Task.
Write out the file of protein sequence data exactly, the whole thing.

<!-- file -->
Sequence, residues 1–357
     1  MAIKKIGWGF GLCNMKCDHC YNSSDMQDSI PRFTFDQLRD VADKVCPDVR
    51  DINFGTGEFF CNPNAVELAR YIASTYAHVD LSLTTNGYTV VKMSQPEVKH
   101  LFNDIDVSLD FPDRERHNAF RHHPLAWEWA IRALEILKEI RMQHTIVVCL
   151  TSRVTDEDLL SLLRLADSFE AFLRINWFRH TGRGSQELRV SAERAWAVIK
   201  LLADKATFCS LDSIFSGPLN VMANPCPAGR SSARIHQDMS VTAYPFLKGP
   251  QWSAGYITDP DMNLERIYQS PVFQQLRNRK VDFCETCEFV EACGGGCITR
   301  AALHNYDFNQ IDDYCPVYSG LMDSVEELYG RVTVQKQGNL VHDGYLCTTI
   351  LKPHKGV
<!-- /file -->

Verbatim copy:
Sequence, residues 1–357
     1  MAIKKIGWGF GLCNMKCDHC YNSSDMQDSI PRFTFDQLRD VADKVCPDVR
    51  DINFGTGEFF CNPNAVELAR YIASTYAHVD LSLTTNGYTV VKMSQPEVKH
   101  LFNDIDVSLD FPDRERHNAF RHHPLAWEWA IRALEILKEI RMQHTIVVCL
   151  TSRVTDEDLL SLLRLADSFE AFLRINWFRH TGRGSQELRV SAERAWAVIK
   201  LLADKATFCS LDSIFSGPLN VMANPCPAGR SSARIHQDMS VTAYPFLKGP
   251  QWSAGYITDP DMNLERIYQS PVFQQLRNRK VDFCETCEFV EACGGGCITR
   301  AALHNYDFNQ IDDYCPVYSG LMDSVEELYG RVTVQKQGNL VHDGYLCTTI
   351  LKPHKGV